It’s been well over a decade since Luc Besson’s name carried any weight as a filmmaker. These days you’re more likely to see his name flaunted as a producer or writer of any number of cornball European action flicks. If his latest, The Family, is any indication, you can see why his sway as a director has faded. Here, we have an attempt at mixing French cinema’s sometimes whimsical nature with the violence of American pictures. Combining Jean-Pierre Jeunet and Martin Scorsese might sound interesting in theory, but Besson’s lack of skill and wit instead leaves a pointless, meandering and overall wrong-headed movie.
The film’s true draw is less Besson than it is Robert De Niro reprising the kind of wise-guy role he’s built a career on. De Niro plays Giovanni Manzoni, a former mafia-hitman-turned-FBI informant, who — along with his wife (Michelle Pfeiffer) and two kids, Belle (Dianna Agron, I Am Number Four) and Warren (John D’Leo, Wanderlust) — has just been relocated to Normandy by the witness protection program. There’s no real plot to speak of, as the movie’s really just a fish-out-of-water tale. The story follows this violent, constantly bickering family around as they attempt to adjust to life in rural France. There are some attempts at storytelling here — like Giovanni attempting to write his memoirs — but the film’s mostly an excuse for a bit of the old ultraviolence, which is perhaps The Family’s most repugnant aspect. This is an ugly, gruesome, mean-spirited movie about four incredibly unpleasant family members who shoot, maim and bludgeon just about everyone in town. That Besson composes this for laughs doesn’t help, and in some ways makes it worse since his sense of humor is so tone deaf. As an approach, it’s a gross miscalculation, since what’s supposed to be cute and funny is actually incredibly vile and nasty, creating a film with little conscience.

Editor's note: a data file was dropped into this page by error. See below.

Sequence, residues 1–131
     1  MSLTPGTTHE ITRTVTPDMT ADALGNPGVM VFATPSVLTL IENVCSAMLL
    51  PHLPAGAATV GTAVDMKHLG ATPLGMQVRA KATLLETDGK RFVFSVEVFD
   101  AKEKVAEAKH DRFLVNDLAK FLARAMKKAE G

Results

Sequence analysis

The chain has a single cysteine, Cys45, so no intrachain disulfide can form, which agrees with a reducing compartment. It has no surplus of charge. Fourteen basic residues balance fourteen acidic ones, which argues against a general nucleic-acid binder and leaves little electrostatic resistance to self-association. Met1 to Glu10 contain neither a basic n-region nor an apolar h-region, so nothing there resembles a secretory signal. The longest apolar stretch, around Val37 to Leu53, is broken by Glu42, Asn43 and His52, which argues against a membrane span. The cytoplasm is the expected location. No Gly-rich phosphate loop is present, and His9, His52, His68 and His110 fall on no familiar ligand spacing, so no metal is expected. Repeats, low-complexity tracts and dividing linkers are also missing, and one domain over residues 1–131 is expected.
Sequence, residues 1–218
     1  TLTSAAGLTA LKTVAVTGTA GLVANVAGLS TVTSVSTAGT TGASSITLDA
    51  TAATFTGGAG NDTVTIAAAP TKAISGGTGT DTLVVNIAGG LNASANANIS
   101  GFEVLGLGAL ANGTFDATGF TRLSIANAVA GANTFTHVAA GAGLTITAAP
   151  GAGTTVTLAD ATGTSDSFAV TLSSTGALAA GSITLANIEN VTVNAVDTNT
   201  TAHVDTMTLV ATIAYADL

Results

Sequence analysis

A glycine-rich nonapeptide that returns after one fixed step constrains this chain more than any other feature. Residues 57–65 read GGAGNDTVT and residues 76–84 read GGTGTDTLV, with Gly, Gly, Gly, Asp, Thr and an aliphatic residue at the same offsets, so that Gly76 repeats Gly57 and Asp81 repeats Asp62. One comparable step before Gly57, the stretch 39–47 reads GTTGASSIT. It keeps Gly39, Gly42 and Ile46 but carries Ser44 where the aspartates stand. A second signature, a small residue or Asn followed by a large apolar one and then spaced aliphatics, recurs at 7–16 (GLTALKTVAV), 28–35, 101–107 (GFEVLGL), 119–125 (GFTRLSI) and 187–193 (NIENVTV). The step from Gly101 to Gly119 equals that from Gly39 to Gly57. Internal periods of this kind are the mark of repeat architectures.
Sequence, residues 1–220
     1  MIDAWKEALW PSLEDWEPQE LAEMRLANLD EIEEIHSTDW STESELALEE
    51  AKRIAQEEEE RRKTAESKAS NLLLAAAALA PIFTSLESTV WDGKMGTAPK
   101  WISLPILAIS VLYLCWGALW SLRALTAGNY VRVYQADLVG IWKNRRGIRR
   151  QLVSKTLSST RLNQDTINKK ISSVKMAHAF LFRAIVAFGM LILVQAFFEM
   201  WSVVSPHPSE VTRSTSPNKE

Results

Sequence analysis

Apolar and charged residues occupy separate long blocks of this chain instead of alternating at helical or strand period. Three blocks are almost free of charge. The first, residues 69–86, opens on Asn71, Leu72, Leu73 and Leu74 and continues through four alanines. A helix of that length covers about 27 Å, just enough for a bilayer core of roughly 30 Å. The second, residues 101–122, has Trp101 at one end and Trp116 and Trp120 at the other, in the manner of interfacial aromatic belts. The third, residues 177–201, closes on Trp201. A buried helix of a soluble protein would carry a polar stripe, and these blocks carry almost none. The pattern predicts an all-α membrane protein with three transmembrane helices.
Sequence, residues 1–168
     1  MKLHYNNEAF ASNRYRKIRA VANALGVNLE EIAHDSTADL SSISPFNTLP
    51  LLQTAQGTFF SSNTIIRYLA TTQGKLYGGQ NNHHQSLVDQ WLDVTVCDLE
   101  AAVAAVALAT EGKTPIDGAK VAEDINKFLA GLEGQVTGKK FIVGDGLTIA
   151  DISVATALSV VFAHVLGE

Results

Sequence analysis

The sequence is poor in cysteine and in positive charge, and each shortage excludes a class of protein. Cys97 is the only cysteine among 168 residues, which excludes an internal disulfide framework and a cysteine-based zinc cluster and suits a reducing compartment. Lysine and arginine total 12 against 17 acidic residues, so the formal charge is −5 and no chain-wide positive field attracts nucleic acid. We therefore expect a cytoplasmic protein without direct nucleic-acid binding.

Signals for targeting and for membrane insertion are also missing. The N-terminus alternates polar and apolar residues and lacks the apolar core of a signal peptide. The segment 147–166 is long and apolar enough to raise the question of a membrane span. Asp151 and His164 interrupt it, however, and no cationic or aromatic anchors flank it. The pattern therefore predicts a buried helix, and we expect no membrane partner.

But there are a couple of clever moments in which Besson gets it right. The montage of Warren’s school paper making it halfway across the world via happenstance and contrivance is honestly clever. Giovanni being invited to the local film society’s screening of Goodfellas (1990) is a bit obvious but generally amusing despite not really going anywhere, though it causes other problems within the film. The Family often attempts to act as a loving homage to American gangster flicks, but there’s no need to reference vastly superior films and more appealing De Niro performances. The constant missteps and miscalculations on Besson’s part just add insult to this grating, loathsome little movie. Rated R for violence, language and brief sexuality.
Playing at Carolina Cinemas, Co-ed of Brevard, Epic of Hendersonville, Regal Biltmore Grande, United Artists Beaucatcher